It seems a little much.
Social networking giant Facebook has been taking heat from enviros recently for its decision to site a massive new data center in Prineville, Ore. The issue? Pacific Power, the utility that serves Prineville,gets most of its power from coal, the enemy of the human race. Greenpeace International has started a Facebook group opposing the move.
But as Roberts points out, it’s the movement of the societal norm needle against/away from coal that’s the key here. Coal sucks and is doing some very terrible, long term damage the longer we use it. But we have quite a lot of it and it’s cheap – the perfect storm for planetary self-extortion. We’d like to change but we can’t afford to. We hedge about its effects on the future as a way of making ourselves feel better, but this ploy does absolutely nothing for long term self-preservation. It’s not a ploy in that direction at all, but a psychological ameliorative. Until somebody does something.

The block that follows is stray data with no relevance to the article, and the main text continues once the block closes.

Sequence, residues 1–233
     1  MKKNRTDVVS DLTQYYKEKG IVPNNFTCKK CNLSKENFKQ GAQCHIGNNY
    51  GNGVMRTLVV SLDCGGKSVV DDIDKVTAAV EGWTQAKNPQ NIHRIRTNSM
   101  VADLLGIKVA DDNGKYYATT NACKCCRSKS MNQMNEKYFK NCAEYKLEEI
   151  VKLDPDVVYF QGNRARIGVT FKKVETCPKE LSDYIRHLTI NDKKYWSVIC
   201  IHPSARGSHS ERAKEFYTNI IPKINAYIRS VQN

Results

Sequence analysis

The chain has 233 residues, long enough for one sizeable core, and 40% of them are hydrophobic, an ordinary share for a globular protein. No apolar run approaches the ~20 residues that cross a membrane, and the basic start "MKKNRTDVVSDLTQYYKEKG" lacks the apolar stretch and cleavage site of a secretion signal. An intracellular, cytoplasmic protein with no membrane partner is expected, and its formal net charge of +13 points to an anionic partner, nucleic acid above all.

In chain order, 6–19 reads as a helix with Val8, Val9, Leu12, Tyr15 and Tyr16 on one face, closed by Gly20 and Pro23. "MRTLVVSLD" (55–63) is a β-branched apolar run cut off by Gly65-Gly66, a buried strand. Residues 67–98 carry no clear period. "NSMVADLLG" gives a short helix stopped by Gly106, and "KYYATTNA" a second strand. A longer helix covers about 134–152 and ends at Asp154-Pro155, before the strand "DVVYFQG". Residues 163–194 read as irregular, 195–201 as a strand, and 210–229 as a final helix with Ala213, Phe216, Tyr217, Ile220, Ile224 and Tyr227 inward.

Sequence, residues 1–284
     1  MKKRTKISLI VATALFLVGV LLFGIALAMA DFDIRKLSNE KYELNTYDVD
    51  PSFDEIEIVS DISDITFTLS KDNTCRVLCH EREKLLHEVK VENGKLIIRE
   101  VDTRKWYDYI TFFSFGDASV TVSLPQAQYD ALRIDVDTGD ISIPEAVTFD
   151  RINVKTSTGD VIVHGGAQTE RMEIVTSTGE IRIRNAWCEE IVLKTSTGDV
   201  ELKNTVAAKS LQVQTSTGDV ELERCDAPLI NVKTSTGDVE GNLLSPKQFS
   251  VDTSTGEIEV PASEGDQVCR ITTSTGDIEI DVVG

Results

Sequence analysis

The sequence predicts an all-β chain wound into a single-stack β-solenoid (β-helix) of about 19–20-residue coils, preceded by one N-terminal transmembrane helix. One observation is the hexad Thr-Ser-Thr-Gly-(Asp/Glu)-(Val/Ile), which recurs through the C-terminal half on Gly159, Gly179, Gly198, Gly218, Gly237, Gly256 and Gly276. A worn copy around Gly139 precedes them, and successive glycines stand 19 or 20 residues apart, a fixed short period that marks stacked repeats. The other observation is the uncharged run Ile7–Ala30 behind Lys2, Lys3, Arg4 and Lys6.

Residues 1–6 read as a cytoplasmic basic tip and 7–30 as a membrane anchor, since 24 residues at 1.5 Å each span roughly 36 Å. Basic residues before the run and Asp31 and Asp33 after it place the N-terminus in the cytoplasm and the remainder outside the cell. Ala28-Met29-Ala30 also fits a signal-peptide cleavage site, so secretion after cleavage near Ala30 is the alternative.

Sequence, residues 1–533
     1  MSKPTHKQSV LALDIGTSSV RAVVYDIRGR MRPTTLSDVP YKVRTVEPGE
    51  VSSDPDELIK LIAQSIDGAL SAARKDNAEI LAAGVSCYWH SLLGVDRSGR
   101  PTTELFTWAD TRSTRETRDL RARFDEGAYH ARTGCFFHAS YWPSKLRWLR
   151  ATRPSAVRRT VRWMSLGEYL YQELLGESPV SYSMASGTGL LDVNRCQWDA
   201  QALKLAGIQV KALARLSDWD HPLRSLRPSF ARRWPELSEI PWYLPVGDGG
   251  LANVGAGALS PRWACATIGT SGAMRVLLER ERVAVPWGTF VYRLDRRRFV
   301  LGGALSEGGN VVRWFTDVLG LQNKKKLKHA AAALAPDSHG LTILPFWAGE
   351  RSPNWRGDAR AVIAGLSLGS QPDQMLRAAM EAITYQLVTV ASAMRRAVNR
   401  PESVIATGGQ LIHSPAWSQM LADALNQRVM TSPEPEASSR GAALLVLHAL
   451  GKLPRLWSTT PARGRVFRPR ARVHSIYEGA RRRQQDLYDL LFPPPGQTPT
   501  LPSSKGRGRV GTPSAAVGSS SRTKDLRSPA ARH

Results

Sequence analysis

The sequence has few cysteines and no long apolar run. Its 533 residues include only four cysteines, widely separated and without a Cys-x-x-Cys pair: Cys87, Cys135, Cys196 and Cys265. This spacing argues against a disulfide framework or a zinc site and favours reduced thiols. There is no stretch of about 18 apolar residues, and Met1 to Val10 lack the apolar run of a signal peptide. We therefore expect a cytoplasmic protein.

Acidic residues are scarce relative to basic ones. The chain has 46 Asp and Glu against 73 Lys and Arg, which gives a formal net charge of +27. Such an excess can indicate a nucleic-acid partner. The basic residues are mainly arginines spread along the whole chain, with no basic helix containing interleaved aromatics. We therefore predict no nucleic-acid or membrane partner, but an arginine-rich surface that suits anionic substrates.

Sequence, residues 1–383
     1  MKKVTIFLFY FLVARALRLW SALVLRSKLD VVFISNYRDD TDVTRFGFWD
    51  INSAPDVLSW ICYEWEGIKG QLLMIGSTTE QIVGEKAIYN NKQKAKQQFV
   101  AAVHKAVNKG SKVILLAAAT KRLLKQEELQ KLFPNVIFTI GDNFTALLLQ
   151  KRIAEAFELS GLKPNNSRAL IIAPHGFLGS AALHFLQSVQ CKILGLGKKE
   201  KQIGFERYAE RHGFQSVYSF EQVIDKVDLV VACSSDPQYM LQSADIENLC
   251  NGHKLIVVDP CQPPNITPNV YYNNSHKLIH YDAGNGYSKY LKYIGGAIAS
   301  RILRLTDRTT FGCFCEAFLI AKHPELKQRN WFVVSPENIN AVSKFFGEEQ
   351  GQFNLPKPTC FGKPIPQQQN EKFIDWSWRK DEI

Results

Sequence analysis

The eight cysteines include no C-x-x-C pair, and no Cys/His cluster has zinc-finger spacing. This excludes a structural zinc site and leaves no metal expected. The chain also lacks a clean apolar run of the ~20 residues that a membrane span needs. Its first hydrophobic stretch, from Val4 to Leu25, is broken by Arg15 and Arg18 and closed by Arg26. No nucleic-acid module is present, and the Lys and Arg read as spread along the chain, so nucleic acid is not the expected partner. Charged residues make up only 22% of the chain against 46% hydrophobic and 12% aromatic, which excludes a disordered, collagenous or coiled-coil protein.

Big manufacturers can’t envision a way to replace the trainloads of coal flowing into their plants each day, so they do nothing. The government hasn’t found the courage to begin to discourage coal usage and/or incentivize clean energy on a grand scale. So what to do? One thing: you might begin to castigate, ridicule and generally create negative PR buzz on the coal front for the entities who are effected by such things. It’s weak, I’ll admit. But we already make all kinds of small decisions like this that re-enforce the status quo on energy consumption, and there are and will be that many more that will have to be reckoned with – or ignored on the basis that nothing can be done – to begin to effect change.
If it’s going to happen.